CDC’s New HIV/AIDS Prevention Strategy Could ‘Undercut’ Current Programs, Sen. Durbin Says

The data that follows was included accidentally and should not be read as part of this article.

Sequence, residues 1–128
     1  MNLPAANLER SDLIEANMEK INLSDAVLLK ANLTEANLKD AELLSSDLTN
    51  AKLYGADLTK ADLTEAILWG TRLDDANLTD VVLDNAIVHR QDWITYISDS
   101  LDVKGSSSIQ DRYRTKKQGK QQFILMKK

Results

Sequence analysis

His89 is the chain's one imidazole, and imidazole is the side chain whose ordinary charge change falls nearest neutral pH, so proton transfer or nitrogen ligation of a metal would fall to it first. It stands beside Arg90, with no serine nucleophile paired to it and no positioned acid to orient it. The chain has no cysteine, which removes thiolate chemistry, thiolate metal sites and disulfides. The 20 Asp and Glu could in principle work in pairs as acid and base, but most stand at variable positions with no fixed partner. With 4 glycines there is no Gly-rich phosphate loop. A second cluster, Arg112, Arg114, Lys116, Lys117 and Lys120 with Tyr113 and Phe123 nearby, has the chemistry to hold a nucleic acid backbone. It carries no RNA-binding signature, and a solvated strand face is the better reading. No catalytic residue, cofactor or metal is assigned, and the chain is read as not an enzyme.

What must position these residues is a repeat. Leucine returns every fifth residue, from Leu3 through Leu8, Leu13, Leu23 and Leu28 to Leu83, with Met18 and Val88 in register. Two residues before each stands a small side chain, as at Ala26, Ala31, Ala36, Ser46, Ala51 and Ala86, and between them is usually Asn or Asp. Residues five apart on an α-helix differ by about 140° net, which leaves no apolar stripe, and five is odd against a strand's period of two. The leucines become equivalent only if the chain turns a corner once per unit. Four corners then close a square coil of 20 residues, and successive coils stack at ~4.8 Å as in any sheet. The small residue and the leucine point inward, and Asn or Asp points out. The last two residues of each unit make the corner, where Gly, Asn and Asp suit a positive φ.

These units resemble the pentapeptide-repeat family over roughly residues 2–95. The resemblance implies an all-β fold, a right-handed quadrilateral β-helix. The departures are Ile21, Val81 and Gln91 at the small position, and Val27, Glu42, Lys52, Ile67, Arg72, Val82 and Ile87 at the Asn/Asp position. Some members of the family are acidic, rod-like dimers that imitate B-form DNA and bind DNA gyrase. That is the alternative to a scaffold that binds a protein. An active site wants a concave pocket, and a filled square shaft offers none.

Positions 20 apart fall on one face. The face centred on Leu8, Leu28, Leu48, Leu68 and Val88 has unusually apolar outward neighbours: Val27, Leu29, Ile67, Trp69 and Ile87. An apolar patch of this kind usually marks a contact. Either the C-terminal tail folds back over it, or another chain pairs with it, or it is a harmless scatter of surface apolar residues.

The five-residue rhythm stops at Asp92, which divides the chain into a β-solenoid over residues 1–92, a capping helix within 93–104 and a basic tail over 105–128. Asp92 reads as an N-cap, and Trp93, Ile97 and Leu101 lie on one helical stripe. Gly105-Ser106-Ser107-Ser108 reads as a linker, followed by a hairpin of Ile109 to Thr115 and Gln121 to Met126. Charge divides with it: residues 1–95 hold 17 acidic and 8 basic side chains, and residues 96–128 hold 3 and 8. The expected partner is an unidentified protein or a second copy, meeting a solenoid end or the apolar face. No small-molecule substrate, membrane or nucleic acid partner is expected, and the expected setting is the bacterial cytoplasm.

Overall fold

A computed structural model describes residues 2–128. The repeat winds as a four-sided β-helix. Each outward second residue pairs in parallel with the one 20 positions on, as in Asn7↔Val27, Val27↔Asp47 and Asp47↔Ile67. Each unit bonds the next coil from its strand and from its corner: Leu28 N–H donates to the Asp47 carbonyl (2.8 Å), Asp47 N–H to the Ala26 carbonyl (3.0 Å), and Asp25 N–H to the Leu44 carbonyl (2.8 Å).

The CDC's new HIV/AIDS prevention guidelines could "undercut successful efforts [to combat the disease] that are already underway," Sen. Richard Durbin (D-Ill.) wrote on Tuesday in a letter to HHS Secretary Tommy Thompson (Durbin letter, 6/17). The CDC has said that the current emphasis on community outreach prevention programs has proved ineffective, citing an increase in the number of new HIV infections. The agency has therefore decided to shift its focus to HIV testing. The strategy, outlined in the April 18 issue of the agency's Morbidity and Mortality Weekly Report, calls for HIV to be included in routine testing for pregnant women and urges local health authorities to make widespread use of a rapid HIV test, approved by the FDA in November 2002 and approved for expanded availability by HHS in February (Kaiser Daily HIV/AIDS Report, 5/28). Durbin says that he is "concerned that the CDC plans to finance the priorities outlined in its new initiative by reducing funding for primary HIV prevention and risk reduction services, including community and structural interventions." Durbin also says that he is concerned about the recommendation for testing pregnant women for HIV because it "weakens and removes, in some instances, the linkage between HIV counseling and testing," which he says is "critical to curbing the spread of HIV." In the letter, Durbin asks Thompson to continue to support primary HIV prevention activities and "strengthen the CDC's message to health care professionals to provide ongoing HIV counseling to all their patients," especially pregnant women. Durbin concludes that there is "no simple way to confront this epidemic," adding that "a more comprehensive approach is essential, one that is mindful of the unique prevention needs of diverse communities across the United States" (Durbin letter, 6/17).This is part of the KHN Morning Briefing, a summary of health policy coverage from major news organizations. Sign up for an email subscription.